It’s a privilege to be here, to launch a new book and remember an old friend.
I miss Bob. I feel the frustration of not hearing his voice, talking to him, sharing a tall tale or two. He would have been in his element tonight.
Language honours and forgives
Everyone by whom it lives.
That’s Bob, quoting Auden, on Yeats.
And in this brilliant collection that Anne has compiled and Aviva Tuffield has edited, we see the truth of that sentiment. Everyone who buys this book – and in true Ellis spirit, I urge you to take home multiple copies for your friends – everyone who buys this book will gain something from it.
A greater appreciation of Bob’s tremendous gift for prose, a new sense of his bottomless love of family and friends, and a reminder of the rich, turbulent, remarkable life he lived to the very fullest measure.
Only Bob Ellis could have written this book.
And only Anne, the brilliant, patient Anne, could have sifted through the decades of unabridged Ellis and produced this collection of such clarity and completeness.
For longstanding friends of Bob and his work, this book will fuel fond reminiscing. All the well-loved, well-worn favourites are here... best of all, this is a book that will point new readers to old pieces. Across the years, Bob’s words reach out from these pages, they grab you by the lapels – ‘listen here, comrade’, ‘pay attention, Digger’. This is how it was, how it ought to be, how we can make it so.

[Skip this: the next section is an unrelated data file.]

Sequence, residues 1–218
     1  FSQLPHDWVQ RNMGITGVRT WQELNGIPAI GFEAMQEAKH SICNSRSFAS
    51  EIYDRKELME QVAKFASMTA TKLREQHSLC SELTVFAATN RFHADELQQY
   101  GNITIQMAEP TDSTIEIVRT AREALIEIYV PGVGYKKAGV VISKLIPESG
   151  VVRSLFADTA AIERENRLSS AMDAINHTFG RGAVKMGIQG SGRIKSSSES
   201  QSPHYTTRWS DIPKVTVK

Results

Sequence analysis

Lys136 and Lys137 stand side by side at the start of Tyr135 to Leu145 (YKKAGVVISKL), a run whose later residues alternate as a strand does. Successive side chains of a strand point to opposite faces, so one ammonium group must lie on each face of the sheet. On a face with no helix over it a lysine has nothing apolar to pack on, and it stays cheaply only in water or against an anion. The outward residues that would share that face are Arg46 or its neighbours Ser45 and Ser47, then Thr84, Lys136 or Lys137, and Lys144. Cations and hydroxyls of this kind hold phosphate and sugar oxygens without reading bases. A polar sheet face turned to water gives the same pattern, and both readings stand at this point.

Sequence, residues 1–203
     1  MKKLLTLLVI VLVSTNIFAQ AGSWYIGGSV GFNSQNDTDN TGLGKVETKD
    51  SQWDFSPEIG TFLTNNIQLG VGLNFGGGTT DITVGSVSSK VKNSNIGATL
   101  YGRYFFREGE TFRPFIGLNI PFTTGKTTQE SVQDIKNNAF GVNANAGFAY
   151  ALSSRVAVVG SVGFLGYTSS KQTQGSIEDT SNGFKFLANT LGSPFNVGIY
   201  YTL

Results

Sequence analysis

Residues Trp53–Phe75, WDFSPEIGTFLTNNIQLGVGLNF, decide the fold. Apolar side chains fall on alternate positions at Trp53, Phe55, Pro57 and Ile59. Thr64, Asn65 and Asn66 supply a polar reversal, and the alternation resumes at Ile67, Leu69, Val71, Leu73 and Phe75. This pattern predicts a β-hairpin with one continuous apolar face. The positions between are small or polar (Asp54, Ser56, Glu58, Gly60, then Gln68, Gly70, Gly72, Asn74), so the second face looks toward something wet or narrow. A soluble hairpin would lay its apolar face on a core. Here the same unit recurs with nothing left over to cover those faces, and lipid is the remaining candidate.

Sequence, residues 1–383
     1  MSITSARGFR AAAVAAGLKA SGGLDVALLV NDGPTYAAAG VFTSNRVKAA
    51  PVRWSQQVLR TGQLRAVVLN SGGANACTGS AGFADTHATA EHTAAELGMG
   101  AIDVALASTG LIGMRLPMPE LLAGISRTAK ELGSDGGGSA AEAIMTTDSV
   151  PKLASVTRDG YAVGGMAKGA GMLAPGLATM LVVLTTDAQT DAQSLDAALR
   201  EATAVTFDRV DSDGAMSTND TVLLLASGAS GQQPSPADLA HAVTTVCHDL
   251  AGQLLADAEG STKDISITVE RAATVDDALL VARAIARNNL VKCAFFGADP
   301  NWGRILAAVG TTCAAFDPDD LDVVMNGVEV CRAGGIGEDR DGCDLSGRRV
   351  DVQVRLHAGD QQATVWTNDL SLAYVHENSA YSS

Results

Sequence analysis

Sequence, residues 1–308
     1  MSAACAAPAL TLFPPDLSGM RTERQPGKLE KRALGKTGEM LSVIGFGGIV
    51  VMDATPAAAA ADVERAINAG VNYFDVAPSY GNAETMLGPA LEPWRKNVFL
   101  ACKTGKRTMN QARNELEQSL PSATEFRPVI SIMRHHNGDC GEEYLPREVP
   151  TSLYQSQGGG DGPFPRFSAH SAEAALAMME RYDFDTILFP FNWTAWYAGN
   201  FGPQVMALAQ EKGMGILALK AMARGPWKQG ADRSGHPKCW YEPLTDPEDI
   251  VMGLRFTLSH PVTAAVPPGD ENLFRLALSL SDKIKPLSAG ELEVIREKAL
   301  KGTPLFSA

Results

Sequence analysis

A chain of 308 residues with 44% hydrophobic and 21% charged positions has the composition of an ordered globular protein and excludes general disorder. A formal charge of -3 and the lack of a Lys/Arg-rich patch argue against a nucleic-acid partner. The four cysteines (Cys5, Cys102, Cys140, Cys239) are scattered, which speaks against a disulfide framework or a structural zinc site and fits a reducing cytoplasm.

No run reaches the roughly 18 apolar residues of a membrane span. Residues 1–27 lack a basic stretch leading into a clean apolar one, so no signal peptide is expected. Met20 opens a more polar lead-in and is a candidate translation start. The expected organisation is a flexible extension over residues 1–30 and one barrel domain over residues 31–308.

Whether it’s a blog post from March this year, or a piece for a magazine long gone, Bob’s work speaks with an unflinching clarity – and an unshockable honesty. There is something far greater than Gonzo at work here. A sense of immediacy and urgency, the feeling that enterprises of great pith and moment were buffeting the narrator through history, live.
In his famous condemnation of Politics and the English Language, George Orwell lamented that 'no-one seems able to think of turns of speech that are not hackneyed: prose consists less and less of words chosen for the sake of their meaning, and more and more of phrases tacked together like the sections of a prefabricated henhouse'.
Let’s be clear, the truth of the matter is, at the end of the day, working families know where I stand on this. Bob lived and worked through an era when political rhetoric and political writing so often resembled paint-by-numbers… But he was no utilitarian ‘wordsmith’. For Bob, writing would never be a mundane question of the hammer and anvil, beating clichés and weasel words into the blunt dullness that blights so many political statements and corporate manuals and ‘apologies for any inconvenience caused’.
There was nothing mechanical, nothing predictable, nothing rigid or repetitive about Bob. With that famous Lamy pen of his – or latterly on his tablet, plugged in to charge at an inappropriate location, or going flat at an inconvenient time – he would pour his shambolic, contrary, discursive, brilliant self into whatever he did.
This collection vividly captures the Ellis style: the long run-on sentence, sluggishly setting out towards its subject like a sleeper train through a country station late at night; semicolons spacing out the melancholy burden of change and decay; sub-clauses like skiffs beating back the current on a slow-flowing river, before enlivened, alarmed, enraged, the languid water surges and – leaping over the falls – ends. And so it goes... on.